eLearning Course Evaluation: What Designers Need to Know
Course evaluation is one of the most important, yet overlooked aspects of eLearning course development. Think of it as beta testing – game designers would never release a game into the “wild” without having it play-tested multiple times to evaluate the game play and the structure and to vet for any bugs or glitches. The same is true for eLearning courses. It’s important to evaluate a course at several steps along the way to ensure that it is aligned with learner needs and that it helps the organization achieve its end goals. All courses should be evaluated during the planning stage, when scripts and storyboards have been completed, and then after going live.
Conduct a Needs Analysis
The first step is to conduct a needs analysis during the planning phase. Essentially, this is designed to assess the audience, their needs, their current skills and knowledge, and to identify any existing knowledge gaps. This process can be accomplished through interviews, but also through the completion of questionnaires and simply learning more about the company in question and the challenges they face.
Evaluating your Storyboards & Scripts
Once the project is rolling, storyboards and scripts will need to be written. These form a framework or wireframe that indicates how the course will proceed (through all possible actions and branches for learners). It’s important to evaluate the project at this point to ensure that the storyboards and scripts are on point. Have key audience members or stakeholders review the course as it stands and offer their suggestions. By conducting this evaluation, it’s possible to gain vital insight and information prior to the real work beginning. This can save a great deal of time and labor, while ensuring that the course is perfectly suited for the organization.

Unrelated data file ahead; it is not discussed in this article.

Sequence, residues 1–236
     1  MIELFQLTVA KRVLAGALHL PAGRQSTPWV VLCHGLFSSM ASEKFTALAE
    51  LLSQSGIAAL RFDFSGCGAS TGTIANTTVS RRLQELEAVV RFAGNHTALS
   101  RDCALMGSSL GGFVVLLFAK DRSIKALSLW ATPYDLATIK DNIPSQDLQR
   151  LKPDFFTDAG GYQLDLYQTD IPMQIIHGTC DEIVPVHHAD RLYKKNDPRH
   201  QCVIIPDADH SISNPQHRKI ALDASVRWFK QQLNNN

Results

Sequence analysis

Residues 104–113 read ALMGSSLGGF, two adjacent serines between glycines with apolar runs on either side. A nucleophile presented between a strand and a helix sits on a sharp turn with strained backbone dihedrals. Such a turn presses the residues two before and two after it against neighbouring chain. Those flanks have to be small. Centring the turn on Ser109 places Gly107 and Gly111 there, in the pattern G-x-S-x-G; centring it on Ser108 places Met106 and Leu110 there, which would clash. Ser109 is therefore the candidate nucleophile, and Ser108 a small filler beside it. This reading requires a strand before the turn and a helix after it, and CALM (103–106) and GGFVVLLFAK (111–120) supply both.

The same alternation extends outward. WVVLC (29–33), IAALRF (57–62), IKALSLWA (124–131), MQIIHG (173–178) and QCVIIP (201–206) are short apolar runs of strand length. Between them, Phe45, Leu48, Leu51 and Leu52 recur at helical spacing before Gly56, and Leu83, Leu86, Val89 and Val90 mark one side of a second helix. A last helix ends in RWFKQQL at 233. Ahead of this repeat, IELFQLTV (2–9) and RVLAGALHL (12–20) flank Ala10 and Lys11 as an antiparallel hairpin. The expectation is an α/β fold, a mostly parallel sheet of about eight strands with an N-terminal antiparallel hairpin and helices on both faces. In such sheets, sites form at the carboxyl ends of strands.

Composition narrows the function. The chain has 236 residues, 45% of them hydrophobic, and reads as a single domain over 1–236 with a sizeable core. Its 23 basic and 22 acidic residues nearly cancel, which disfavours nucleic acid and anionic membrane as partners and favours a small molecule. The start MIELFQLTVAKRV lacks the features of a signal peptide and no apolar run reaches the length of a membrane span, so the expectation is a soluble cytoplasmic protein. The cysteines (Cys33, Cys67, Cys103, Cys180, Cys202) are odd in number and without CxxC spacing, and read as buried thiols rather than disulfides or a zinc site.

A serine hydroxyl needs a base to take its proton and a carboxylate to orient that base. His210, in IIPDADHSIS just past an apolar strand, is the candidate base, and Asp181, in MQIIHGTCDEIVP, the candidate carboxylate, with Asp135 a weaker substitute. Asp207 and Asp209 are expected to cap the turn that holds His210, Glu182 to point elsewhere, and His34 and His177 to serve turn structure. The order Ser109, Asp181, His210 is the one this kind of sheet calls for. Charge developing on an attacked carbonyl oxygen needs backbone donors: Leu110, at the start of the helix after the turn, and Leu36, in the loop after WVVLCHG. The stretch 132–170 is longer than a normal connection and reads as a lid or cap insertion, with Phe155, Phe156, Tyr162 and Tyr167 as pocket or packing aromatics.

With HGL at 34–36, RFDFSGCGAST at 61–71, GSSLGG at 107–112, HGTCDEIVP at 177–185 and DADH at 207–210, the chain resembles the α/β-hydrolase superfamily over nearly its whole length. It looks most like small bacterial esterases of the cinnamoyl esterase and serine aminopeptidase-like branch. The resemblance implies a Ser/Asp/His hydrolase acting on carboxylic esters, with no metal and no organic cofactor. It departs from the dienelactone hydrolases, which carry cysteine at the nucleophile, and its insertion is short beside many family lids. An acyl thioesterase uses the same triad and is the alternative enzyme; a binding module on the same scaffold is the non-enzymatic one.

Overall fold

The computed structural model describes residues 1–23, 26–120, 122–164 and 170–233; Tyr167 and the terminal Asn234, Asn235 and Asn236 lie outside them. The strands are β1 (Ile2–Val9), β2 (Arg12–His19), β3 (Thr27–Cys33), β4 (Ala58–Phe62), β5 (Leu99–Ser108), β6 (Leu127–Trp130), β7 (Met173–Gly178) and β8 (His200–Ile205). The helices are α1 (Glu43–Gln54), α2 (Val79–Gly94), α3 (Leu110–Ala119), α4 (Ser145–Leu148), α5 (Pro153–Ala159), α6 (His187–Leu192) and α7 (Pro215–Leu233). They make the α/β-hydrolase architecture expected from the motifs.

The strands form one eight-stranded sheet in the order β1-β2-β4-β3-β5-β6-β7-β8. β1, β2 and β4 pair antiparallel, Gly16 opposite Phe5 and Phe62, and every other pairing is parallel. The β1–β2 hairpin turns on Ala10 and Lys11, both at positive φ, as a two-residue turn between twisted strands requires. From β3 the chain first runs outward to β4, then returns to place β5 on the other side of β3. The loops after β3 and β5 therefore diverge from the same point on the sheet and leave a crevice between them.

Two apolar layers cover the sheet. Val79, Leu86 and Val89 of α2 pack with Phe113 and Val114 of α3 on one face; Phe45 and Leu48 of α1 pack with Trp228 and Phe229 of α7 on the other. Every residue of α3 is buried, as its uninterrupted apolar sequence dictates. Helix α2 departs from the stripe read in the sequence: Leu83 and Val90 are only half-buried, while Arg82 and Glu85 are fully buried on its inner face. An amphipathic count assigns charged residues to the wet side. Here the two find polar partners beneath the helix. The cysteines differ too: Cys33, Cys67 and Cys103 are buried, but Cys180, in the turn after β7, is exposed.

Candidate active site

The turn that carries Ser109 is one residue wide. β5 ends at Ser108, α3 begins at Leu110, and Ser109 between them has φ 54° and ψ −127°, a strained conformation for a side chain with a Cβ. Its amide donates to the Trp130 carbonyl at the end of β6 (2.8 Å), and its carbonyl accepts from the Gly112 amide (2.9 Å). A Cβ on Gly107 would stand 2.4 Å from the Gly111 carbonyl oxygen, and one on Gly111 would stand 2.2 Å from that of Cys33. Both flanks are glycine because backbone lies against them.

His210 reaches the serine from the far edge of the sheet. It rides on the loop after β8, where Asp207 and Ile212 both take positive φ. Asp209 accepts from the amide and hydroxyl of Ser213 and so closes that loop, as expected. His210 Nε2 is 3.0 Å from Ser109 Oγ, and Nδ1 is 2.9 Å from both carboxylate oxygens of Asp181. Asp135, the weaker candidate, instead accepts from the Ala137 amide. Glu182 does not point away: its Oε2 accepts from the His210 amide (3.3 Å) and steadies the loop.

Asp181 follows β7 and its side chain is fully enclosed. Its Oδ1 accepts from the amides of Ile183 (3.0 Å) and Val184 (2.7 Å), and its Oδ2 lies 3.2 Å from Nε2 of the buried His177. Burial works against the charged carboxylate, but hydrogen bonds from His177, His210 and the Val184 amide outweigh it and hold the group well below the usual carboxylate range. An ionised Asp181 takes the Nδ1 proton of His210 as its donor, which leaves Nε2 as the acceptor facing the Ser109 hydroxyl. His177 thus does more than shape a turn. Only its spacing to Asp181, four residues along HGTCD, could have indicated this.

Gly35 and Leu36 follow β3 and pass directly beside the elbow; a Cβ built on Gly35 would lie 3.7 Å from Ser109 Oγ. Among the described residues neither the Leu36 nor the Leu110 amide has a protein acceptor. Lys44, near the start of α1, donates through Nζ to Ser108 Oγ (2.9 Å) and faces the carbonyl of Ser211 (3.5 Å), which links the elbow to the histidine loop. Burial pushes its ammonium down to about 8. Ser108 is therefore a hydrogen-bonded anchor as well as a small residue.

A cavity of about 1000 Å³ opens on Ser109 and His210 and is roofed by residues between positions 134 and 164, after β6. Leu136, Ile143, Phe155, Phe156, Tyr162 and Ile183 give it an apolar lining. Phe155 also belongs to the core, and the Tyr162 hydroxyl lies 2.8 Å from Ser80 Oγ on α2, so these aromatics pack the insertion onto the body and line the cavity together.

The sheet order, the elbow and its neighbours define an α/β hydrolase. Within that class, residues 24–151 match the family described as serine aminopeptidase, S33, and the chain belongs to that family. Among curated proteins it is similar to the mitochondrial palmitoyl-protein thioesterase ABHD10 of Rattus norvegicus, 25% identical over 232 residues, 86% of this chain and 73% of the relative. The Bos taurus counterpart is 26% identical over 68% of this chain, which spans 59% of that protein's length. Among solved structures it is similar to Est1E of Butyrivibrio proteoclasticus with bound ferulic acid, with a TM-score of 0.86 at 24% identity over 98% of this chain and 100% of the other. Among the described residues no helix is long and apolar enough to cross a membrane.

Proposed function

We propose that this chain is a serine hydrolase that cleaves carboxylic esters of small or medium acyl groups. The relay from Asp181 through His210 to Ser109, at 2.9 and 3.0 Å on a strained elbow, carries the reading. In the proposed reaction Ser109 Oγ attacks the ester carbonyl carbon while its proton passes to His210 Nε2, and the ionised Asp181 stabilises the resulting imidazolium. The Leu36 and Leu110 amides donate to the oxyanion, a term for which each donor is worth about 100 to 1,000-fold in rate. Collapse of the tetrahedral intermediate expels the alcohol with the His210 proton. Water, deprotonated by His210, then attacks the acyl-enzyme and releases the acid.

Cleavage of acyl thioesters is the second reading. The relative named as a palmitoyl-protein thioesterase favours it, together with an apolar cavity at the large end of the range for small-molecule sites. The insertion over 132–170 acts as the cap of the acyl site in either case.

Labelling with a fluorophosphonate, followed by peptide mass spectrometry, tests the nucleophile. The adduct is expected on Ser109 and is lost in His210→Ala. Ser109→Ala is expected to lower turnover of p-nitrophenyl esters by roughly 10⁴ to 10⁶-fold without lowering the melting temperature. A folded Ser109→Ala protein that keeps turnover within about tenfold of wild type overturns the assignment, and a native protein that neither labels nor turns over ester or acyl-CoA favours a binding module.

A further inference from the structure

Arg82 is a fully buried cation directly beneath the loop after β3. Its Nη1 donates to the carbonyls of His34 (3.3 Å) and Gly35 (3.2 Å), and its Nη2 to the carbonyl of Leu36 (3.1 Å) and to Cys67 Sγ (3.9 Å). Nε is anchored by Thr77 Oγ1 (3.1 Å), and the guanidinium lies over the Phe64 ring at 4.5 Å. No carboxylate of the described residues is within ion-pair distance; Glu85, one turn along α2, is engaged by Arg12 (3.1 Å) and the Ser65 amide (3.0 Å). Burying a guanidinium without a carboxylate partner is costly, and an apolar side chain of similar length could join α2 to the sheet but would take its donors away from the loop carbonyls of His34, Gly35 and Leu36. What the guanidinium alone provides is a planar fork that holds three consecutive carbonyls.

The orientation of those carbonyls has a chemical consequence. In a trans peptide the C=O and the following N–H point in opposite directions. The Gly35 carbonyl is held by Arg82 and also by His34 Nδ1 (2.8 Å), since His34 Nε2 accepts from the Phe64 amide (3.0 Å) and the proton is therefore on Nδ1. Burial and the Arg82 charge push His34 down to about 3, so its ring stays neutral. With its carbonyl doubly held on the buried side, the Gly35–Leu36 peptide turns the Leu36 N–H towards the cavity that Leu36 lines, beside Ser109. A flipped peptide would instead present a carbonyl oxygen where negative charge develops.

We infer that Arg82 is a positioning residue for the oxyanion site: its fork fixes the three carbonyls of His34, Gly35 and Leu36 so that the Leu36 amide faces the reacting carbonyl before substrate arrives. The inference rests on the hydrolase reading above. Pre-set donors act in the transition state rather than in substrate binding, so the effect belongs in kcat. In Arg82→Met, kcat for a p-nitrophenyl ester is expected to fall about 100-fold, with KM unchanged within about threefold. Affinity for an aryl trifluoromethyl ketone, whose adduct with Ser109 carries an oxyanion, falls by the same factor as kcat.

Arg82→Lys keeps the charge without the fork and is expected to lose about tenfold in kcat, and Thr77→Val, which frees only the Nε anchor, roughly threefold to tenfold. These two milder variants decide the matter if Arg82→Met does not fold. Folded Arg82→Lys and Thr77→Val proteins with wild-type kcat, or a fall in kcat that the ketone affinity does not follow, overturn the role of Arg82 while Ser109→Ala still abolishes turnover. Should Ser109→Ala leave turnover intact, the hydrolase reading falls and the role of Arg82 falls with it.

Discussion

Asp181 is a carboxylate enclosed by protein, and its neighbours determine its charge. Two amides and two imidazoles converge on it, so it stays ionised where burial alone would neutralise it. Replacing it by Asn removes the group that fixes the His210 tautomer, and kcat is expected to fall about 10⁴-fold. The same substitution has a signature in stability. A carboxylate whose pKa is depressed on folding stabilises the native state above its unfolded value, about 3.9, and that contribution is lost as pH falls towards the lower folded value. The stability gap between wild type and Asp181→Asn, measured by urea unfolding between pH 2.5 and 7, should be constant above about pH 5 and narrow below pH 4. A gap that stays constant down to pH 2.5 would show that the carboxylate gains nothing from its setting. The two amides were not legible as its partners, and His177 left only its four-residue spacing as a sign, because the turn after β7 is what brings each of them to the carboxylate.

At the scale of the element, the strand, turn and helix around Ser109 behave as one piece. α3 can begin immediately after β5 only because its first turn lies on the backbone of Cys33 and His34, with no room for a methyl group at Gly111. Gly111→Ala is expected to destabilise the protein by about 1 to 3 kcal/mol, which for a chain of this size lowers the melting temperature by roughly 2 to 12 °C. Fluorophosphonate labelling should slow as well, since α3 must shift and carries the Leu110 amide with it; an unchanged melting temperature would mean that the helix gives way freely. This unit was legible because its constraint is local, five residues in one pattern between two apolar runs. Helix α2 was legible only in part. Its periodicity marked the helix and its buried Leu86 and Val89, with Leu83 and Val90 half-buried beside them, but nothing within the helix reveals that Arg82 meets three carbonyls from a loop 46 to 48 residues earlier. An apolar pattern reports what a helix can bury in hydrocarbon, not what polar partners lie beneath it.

One ideal way to do this is to sit down with each evaluator in a one-on-one setting and have them determine:
• Are there areas where the script is confusing?
• Are there areas where the storyboard is lacking?
• Are there areas that need clarification?
• Are there any outright errors?
• Are there missing branches for user actions?
• Is the next step in the process intuitive or does it require clarification?
• Does the proposed UI interfere with the user experience?
• Is the design organized properly?
It’s crucial to take notes here, as this information must be used to ensure that the course ultimately delivers an effective and positive user experience. course evaluation
Once the course is live, the final testing can take place. This type of testing is conducted to determine the impact of the course on the user, as well as whether organizational goals are being met. This is often simplest to do by studying the results of users’ final tests scores. If a significant number of users answer questions incorrectly or do not meet anticipated test scores, revisions are needed to the content, the design, or structure of the course.
If the course does not include a final test, then interviews can be used to assess user experience. Questionnaires can also provide important insight into what users think of the course and whether they gained the key knowledge and skills. course evaluation
Testing and evaluating are essential steps throughout the process of course development and creation. Without thorough evaluations at multiple points in development, no course will be complete. However, by evaluating during the planning process, after storyboarding and script creation, and after initial roll-out, designers can ensure positive results. course evaluation